Protocol for DNA Extraction: Heparin will be added to 3 ml of the blood sample, and the DNA will be extracted as follows. 400ul of the sample will be centrifuged at 4,000 3g for 3 min. The cell pellets will be re-suspended in 1ml of erythrocyte lysis solution (155 mM NH4Cl, 10 mM NaHCO3, 100 mM disodium EDTA [pH 7.4]), mixed, and centrifuged. Treatment with erythrocyte lysis solution will be repeated until the leukocyte pellets lost all reddish coloring. 400 ul of lysis solution (2% Triton X-100, 1% sodium dodecyl sulfate, 100 mM NaCl, 10 mM Tris-HCl [pH 8.0]) and 10 ml of proteinase K (10 mg/ml) will be added to the samples, and the contents mixed thoroughly and incubated for 30 min at 50 oC. 400ul of saturated phenol (liquid phenol containing 0.1% 8-hydroxyquinoline, saturated, and stabilized with 100 mM Tris-HCl [pH 8.0] and 0.2% 2-mercaptoethanol) will be added, and the contents mixed thoroughly and centrifuged at 8,000 3 g for 5 min. The aqueous layer will be transferred to a fresh tube, and an equal volume of chloroform isoamyl alcohol (24:1) will be added; the tubes will be mixed thoroughly and centrifuged at 8,000 3 g for 5 min. The upper layer will then be transferred to a fresh tube, and 200 ml of 7.5 M ammonium acetate will be added and mixed thoroughly. Samples will be kept on ice for 10 min and centrifuged at 8,000 3 g for 5 min, and the aqueous content transferred to a fresh tube. Two volumes of 95% ethanol will be added, the contents mixed, and the tubes will be stored at 22oC. DNA will be recovered by centrifuging the samples at 8,000 3 g for 5 min. The DNA pellets will be rinsed with 1 ml of 70% ethanol, dried, and re-suspended in 20 ml of TE buffer (10 mM Tris-HCl [pH 8.0], 1 mM disodium EDTA). The concentration will be determined after dissolving the DNA in 70% ethanol.

PCR reaction: Primers having the genes of the bacterium (Brucella abortus) will be used to diagnose its presence. If the bacterium is present, there will be annealing of the primers with the extracted DNA, confirming the presence of the bacterium in the breed. If the breed is not having the gene of Brucella abortus in its DNA, there will be no annealing with the DNA extracted.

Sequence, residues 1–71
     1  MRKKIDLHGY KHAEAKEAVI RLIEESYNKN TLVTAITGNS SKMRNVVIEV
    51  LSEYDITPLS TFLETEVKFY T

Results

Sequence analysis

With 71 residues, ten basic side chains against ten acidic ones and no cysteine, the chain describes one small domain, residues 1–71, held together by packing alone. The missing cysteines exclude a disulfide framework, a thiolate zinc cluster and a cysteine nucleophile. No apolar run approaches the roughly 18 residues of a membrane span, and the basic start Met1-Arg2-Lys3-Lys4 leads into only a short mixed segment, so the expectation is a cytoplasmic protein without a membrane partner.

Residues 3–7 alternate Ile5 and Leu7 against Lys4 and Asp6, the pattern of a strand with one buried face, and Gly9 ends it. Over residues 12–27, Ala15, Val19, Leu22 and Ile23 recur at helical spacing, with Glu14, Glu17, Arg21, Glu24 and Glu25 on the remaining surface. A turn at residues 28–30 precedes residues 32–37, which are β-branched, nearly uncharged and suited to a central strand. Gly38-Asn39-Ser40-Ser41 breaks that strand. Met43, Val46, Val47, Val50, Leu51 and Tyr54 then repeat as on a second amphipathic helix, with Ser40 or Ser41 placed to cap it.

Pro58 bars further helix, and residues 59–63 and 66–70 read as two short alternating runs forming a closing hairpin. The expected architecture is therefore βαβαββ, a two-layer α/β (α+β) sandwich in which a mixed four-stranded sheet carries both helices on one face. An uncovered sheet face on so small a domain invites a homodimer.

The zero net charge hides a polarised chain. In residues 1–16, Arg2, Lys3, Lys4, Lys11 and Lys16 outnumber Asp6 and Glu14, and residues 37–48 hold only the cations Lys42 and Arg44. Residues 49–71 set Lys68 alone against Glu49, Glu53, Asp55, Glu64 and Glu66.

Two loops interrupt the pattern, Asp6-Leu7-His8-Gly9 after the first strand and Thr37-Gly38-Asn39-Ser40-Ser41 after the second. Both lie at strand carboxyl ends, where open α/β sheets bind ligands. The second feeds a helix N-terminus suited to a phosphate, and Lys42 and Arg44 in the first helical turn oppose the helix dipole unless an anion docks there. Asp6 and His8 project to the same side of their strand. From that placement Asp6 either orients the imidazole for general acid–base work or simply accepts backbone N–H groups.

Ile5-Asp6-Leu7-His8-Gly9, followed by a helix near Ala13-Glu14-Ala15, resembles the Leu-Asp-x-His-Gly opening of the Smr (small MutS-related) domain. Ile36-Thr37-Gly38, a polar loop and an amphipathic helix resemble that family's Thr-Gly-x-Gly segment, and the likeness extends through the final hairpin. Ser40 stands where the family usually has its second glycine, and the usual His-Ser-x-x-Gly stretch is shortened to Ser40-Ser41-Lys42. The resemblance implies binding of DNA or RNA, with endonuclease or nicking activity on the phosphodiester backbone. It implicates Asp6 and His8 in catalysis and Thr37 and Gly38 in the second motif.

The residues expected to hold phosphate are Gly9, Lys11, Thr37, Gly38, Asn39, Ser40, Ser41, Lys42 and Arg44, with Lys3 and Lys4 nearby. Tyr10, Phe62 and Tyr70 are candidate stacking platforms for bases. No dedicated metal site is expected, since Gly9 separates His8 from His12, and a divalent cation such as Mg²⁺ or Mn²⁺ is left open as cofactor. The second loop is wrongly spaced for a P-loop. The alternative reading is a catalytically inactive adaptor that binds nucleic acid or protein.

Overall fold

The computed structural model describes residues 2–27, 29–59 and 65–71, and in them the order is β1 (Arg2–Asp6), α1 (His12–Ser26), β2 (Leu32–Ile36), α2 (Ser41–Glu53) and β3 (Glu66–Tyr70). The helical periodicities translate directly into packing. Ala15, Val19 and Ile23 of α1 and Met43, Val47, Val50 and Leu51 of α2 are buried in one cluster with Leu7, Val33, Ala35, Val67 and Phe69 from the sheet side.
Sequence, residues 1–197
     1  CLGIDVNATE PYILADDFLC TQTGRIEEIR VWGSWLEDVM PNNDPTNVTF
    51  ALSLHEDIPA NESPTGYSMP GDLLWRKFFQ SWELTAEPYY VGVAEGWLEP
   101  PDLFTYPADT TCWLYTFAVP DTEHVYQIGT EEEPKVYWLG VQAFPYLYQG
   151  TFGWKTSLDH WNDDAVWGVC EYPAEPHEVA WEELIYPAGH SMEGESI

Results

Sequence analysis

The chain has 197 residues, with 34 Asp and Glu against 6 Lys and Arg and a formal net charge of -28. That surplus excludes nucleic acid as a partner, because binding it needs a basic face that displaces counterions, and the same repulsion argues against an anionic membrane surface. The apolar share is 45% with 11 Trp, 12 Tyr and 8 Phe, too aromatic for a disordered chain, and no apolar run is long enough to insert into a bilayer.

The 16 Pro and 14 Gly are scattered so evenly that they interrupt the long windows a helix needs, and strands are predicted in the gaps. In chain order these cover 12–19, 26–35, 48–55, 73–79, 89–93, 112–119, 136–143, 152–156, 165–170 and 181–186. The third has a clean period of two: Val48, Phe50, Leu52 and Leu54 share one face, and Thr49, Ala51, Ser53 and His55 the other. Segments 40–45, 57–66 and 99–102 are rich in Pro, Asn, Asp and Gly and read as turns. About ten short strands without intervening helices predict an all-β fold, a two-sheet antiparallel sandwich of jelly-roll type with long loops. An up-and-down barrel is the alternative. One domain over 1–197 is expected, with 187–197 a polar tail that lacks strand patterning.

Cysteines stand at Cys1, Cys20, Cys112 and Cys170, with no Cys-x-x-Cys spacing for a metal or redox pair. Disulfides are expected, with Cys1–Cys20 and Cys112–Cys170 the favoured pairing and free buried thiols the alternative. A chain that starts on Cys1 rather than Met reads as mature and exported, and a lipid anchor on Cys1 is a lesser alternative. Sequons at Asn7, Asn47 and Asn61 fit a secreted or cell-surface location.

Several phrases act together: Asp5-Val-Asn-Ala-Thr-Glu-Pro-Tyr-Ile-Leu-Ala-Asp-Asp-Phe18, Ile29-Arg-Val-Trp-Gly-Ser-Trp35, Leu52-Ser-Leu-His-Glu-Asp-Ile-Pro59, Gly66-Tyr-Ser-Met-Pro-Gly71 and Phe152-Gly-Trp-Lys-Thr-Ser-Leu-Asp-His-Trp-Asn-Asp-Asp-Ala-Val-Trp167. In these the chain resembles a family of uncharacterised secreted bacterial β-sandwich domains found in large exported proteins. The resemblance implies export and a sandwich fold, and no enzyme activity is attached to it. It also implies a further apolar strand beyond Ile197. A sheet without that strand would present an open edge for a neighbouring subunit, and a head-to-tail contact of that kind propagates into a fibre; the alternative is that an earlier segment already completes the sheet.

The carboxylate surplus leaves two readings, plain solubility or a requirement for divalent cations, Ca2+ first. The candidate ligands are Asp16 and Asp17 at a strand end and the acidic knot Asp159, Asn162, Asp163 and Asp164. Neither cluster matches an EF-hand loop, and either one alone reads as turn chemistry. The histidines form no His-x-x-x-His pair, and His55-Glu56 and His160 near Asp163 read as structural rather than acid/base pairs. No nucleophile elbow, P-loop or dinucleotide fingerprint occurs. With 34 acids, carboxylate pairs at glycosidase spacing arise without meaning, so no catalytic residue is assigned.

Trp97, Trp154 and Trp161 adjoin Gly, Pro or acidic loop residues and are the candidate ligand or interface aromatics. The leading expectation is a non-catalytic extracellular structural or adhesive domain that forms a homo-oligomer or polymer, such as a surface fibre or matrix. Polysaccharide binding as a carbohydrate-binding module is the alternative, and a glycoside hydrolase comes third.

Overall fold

Materials: PCR buffer (10X), dNTPs (2mM each), MgCl2 (25mM), Primers (10

 μM

each), Taq DNA polymerase, 1ng of extracted DNA of Angus cattle with suspected Brucella abortus, Sterile distilled water (to total 50

 μL

after desired amount of extracted DNA has been added).

Precautions

-          Add the component that is highest in volume. This is easier than adding the smallest volume to an empty tube.

-          Keep track of what reagent has been added to the PCR reaction

-          Reduce contamination by changing tips at each step

-          Ensure to pipette all fluid from the tip

-          If tips with a cotton plug that are aerosol resistance are available, they’ll be used.

-          To prevent degradation, primers, dNTPs, Extracted DNA and DNA polymerase should be placed on ice.

-          Ensure to use high-quality dNTPs for the PCR reaction.

Since I’ll be making use of a single PCR reaction, there’ll no need to prepare a master mix.

Protocol:  

  1. Add 5

    μL

    of the PCR buffers (50 mM KCl, 10 mM Tris-HCl, pH 9.0),

  2. Add 3

     μL

    of 1.5 mM MgCl2,

  3. Add 5

     μL

    of 200 mM (each) for the four nucleotides (dNTPs),

  4. Add 1

     μL

      of 1.5 U Taq DNA polymerase.

  5. Add 1

     μL

    of the primers

  6. Add 1ng of the extracted DNA
  7. Add sterile water to bring the final volume to 50

     μL

    .

  8. Tap or centrifuge briefly to bring the content to the bottom.
  9. Place in the PCR machine for thermal cycling.
  10. The machine is set to perform the 3 main steps of PCR, which are DNA denaturation, Primer annealing and Primer extension. DNA will be denaturated at 95 oC for 4 min; followed by primer annealing at 65 oC for 1 min, then the extension of the primers will be done at 72 oC for 1 min.

4.0  EXPECTEDRESULTS

PCR products are visible under UV light as bands. DNA is charged negatively because of its phosphate backbone. 8 ul of the amplification reaction mixture will taken and fractionated in a 1.5% agarose (or 8% polyacrylamide) gel containing 13 TBE (100 mM Tris-HCl [pH 8.0], 90 mM boric acid, 1 mM disodium EDTA), stained with an ethidium bromide solution (0.5 mg/ml), and visualized under UV light. If positive, the bands will reveal the presence of B. abortus bacterium. If the bacterium is absent, no annealing on the DNA will be found, therefore, no infection or the cause of the abortion in the cattle was not as a result of B. abortus.

5.0  CONCLUSION

In conclusion, DNA extraction and PCR procedures were useful for detecting the presence of the pathogen. The protocols presented will make detection of B. abortus by PCR easy. The amplification with the annealing of the primers will help to diagnose the presence of the pathogen in Aberdeen angus. If the pathogen is not present, there will be no annealing of the primers nor amplification through PCR. With this method, diagnosis of a pathogen will be very efficient. It will serve as an important tool for success and without reservation, an accurate and diagnosis of the bacterium. PCR through this protocol will demonstrate to be highly sensitive, dependable, specific and efficient for use in the accurate detection of B. abortus in the body fluids, such as blood. This study reached the goal of using PCR to diagnose the presence of Brucella abortus in Aberdeen angus.